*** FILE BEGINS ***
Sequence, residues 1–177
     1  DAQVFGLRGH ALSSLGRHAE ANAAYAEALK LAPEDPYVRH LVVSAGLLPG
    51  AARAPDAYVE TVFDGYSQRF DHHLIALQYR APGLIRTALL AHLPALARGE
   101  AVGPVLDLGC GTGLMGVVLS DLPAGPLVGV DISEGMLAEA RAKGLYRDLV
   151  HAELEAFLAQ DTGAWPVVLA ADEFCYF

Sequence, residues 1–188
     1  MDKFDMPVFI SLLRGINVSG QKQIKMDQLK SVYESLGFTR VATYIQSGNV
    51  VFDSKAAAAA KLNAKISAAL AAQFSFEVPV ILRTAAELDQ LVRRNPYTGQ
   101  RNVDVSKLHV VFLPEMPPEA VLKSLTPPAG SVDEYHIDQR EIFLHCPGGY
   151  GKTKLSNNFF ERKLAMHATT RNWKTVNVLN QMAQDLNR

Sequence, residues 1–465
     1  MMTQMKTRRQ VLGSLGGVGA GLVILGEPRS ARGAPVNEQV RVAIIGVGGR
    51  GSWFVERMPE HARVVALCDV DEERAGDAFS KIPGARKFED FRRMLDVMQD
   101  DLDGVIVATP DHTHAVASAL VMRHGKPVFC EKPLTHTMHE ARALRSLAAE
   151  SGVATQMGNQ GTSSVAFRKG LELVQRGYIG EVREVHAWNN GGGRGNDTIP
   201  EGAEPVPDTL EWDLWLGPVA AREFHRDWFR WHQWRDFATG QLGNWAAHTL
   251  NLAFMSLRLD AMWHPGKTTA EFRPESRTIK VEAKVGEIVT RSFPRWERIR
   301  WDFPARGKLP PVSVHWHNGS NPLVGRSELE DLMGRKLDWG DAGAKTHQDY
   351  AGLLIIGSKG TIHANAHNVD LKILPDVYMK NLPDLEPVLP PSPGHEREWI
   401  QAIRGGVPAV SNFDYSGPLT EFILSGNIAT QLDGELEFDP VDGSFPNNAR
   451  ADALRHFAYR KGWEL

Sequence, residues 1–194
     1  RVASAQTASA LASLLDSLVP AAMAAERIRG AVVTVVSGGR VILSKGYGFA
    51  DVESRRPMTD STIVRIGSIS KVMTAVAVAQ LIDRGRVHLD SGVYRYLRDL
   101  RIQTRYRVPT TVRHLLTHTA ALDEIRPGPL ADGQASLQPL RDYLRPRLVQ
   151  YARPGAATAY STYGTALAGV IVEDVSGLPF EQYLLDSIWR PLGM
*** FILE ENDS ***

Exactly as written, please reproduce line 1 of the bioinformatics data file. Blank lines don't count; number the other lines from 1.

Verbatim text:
Sequence, residues 1–177